In a small town in Punjab, India – doctors are concerned about an eight-month-old weighing about 17 kilo grams.
Born in late 2016 to Reena Kumar, Chahat was a seemingly average child during the initial four months of her life. It was only after she was four that Chahat’s appetite grew and with it her weight. She currently weighs the same as an average four-year-old should.
“She was born a normal child and only started gaining weight at the age of four months,” said Reena.
Apprehensive about her sudden increase in weight that was causing health problems including breathing and sleep troubles, Chahat’s parents reached out for medical help but were disappointed when the doctors could not manage to take out blood sample for tests due to heavy mass surrounding her veins.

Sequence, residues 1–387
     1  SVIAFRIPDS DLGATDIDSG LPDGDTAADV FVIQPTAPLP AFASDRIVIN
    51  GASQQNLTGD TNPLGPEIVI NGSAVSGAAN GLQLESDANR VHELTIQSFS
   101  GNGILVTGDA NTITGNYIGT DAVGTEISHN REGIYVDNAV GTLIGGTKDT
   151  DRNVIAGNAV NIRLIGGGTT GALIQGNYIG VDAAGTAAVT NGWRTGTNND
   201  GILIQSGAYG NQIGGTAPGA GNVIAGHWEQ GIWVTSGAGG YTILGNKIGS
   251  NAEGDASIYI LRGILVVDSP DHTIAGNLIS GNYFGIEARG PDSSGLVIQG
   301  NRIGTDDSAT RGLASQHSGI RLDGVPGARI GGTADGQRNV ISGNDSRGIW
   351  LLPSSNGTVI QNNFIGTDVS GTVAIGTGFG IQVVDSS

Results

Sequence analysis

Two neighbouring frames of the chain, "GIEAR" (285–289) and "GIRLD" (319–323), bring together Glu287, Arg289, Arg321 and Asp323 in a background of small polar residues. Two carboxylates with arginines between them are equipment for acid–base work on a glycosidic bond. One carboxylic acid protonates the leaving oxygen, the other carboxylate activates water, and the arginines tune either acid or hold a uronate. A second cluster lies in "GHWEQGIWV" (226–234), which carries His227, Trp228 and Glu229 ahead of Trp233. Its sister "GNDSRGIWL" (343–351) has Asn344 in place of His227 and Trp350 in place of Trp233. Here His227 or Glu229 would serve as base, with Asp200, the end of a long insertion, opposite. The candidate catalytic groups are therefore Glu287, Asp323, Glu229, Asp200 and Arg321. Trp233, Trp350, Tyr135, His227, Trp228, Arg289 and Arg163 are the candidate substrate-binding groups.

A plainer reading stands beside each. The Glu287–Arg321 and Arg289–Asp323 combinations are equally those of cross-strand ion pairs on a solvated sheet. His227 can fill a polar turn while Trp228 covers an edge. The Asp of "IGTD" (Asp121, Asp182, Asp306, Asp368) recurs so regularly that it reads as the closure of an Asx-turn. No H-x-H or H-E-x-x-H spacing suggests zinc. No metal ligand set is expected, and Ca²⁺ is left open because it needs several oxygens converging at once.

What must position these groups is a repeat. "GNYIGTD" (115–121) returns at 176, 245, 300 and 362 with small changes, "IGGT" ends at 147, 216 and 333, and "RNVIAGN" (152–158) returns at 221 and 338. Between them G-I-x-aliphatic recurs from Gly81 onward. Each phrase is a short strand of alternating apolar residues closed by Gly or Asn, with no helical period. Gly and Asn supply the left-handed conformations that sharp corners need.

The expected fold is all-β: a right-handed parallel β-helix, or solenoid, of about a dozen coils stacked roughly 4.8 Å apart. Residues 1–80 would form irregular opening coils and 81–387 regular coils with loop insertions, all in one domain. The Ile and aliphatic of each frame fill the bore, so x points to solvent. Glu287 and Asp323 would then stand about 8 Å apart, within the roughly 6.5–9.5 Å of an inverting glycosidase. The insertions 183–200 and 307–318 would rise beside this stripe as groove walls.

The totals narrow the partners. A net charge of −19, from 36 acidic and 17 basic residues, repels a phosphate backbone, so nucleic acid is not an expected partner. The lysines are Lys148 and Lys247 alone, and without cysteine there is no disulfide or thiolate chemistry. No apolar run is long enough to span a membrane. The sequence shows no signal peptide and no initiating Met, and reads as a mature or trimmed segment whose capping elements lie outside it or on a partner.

“When we took her to the doctor, he told us that they would first need to collect blood samples to start with any kind of treatment but it turned out to be difficult as her skin is abnormally hard,” explains her father, Suraj Kumar.
“She gets hungrier than other children her age and demands milk and food often,” he said.
Her physician since birth, Dr Vasudev Sharma said “her weight is increasing excessively and it has to be controlled. She has to eat less. She eats like a 10-year-old kid.”
Obesity in India is not unheard of, the Global Burden of Disease Study of 2013 puts India just behind China and the US with nearly 30 million obese people and about 20 per cent of school-going children struggling with weight issue.
Another local study by Post-graduate Institute of Medical Education and Research and Punjab government hospitals found 40 per cent of the entire of Punjab to be obese or over-weight.
Watch the video here:
This article originally appeared on the Indian Express.